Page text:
Not really sure how I want to intro this one other than to say I don’t know who made whom worse: was it a Scott Frost problem or an Adrian Martinez problem? Martinez was the starter for essentially the whole Frost tenure at Nebraska so far and they continuously lost on the back of silly mistakes all over the place. Iowa’s win last year was no exception (and it didn’t even involve Martinez!):
Up 15, Nebraska 1) couldn’t recover a botched reverse, 2) committed a third down pass interference penalty, 3) had a blocked punt returned for a touchdown, 4) fumbled, 5) was sacked for a safety, 6) gave up a 55-yard run to set up Iowa’s go-ahead touchdown, 7) threw an interception.
There were probably some things I left out.
What a rush.
Onto this year.
Who: Nebraska Cornhuskers (Lincoln, NE; Big Ten Conference)
Head Coach: Scott Frost (15-29 at Nebraska, 34-36 overall)
What: A Black Friday Tradition
When: November 25th, 2022
Where: Kinnick Stadium, Iowa City, IA
Why: Because Jim Delany wanted to rebuild a Black Friday Tradition
0: Nebraska’s point differential going 1-8 during their 2021 conference schedule.
5: Nebraska’s win total in 23 one-possession games under Scott Frost, a 21.7% rate. That includes seven one-possession losses in 2021.
4.2: The yards/carry from Nebraska’s opponents last year. While it’s a 0.9 yard increase from the first season under Frost (109th in the country), it still ranked in the middle of the pack of the country at 66th and fifth in the Big Ten West.
-0.5: The Cornhuskers’ turnover margin per game last season. It ranked 103rd in the country and second worst under Frost.
Casey Thompson (#11, Jr, 6’0”, 195 lbs): The Texas transfer had a solid, if tumultuous 2021 season. He completed 63% of his passes for a cool 8.1 yards/attempt with 24 touchdowns and nine touchdowns.
But it’s Texas and that 5-7 record has to hang on someone.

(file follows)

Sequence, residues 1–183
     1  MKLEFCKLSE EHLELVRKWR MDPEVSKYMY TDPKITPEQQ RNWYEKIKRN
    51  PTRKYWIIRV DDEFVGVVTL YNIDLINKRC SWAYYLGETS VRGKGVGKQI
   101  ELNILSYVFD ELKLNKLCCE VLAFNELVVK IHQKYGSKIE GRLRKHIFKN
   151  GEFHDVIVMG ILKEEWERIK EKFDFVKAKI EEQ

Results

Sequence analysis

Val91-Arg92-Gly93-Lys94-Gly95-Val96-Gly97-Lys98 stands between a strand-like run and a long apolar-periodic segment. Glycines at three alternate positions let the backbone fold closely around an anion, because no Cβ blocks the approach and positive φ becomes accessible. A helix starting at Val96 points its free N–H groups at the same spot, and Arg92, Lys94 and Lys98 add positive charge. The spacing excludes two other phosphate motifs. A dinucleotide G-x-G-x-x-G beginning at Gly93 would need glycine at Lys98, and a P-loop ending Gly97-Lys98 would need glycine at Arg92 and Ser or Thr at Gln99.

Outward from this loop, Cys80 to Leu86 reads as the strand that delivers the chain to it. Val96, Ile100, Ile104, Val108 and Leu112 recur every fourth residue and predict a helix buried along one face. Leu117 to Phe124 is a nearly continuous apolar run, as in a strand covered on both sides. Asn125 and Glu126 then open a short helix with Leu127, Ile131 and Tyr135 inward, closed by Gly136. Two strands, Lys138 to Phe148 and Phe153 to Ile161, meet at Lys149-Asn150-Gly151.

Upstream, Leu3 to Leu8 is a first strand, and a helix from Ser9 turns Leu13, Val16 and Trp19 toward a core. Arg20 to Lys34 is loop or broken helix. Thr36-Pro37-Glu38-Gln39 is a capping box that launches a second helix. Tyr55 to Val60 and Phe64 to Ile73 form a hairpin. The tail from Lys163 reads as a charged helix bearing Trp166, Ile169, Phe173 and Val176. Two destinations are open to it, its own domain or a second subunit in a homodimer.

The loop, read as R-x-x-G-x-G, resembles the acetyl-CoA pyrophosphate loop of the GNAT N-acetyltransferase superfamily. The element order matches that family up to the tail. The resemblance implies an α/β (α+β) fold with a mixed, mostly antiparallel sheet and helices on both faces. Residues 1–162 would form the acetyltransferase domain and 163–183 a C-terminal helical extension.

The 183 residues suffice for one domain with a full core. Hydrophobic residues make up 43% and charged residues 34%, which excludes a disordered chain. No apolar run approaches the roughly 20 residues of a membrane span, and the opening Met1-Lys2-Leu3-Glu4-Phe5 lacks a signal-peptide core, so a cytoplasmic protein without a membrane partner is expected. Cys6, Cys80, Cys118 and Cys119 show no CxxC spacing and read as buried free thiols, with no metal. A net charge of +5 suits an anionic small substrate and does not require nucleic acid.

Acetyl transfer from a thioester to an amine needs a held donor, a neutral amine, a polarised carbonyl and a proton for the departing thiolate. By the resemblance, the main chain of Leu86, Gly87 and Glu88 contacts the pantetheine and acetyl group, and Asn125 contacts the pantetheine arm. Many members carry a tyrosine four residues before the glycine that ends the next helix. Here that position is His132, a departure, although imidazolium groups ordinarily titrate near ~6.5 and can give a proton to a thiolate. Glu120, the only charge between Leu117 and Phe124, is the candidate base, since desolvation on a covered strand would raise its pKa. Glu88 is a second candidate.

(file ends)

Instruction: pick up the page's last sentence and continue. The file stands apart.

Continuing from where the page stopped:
The former four-star recruit selected the Longhorns over darn near everyone does a good job getting the ball into the hands of his playmakers and is dangerous on the run. He underwent hand surgery in the offseason after the injury impacted his performance in the back half of the 2021 season. In an open practice, he looked to have regained his form from the best parts of last season.
If he doesn’t go, it’s likely Chubba Purdy (Brock’s brother) would be the starting QB. I have to yield how poetic it would be for Brock to be winless against Iowa only for his brother to snag a win against the Hawks.
Rahmir Johnson (#14, RB, So, 5’10”, 185 lbs): The Huskers leading rusher, non-Martinez division, in 2021 returns for a more varied role in Mark Whipple’s offense.
Though he’s transitioning away from being a true RB, there’s a case his more slight frame wouldn’t hold up as lead back in a Big Ten season. After all, he played in just 10 games and accumulated 650 yards from scrimmage in those games. A transition to a spot in the slot will allow him to get in space and use his slipperiness to generate big plays for the Huskers.
Luke Reimer (#28, LB, Jr, 6’1”, 225 lbs): The hometown Husker led Nebraska in tackles in the 2021 season with 108, including six for a loss. Most notably against Iowa, he forced two fumbles as Iowa’s offense struggled to get traction last November.
BONUS: Decoldest Crawford (#1, WR, Fr, 6’0”, 180 lbs):
Best case: The Iowa Hawkeyes had Scott Frost his pink slip.
Worst case: Nebraska flips the last seven seasons on their head and whoop the Hawkeyes on their home a la Iowa’s 2017 thrashing, which sends the Cornhuskers to their first Big Ten Championship Game in a decade.
Did Scott Frost do enough to stem the tide? For as average as the Big Ten West can be, it’s not lacking in storylines. How Scott Frost manages the adversity he’s been in throughout his time in Lincoln is arguably top of the list, considering it’s the hottest seat in the conference. In the offseason he went and got Whipple, who helped build Kenny Pickett into a 2021 Heisman finalist. He allocated Billy Busch to special teams coordinator. He went into the portal and got a top tier QB.
But are the changes enough to cover up the cracks which have been around the program under his stead? Cracks in culture come out in things like penalties and turnovers, things the Huskers regularly rank poorly under Frost. Yet they’re an advanced analytics darling because of all the stuff which isn’t the stuff. If they can get out of their own way, the Huskers can absolutely compete for a championship. The defense has been trending in the right direction. The offense and special teams made important changes. If 2022 is the season Frost finally turns it around, I’m not optimistic it’ll end well for the Hawkeyes.
Big “if” though.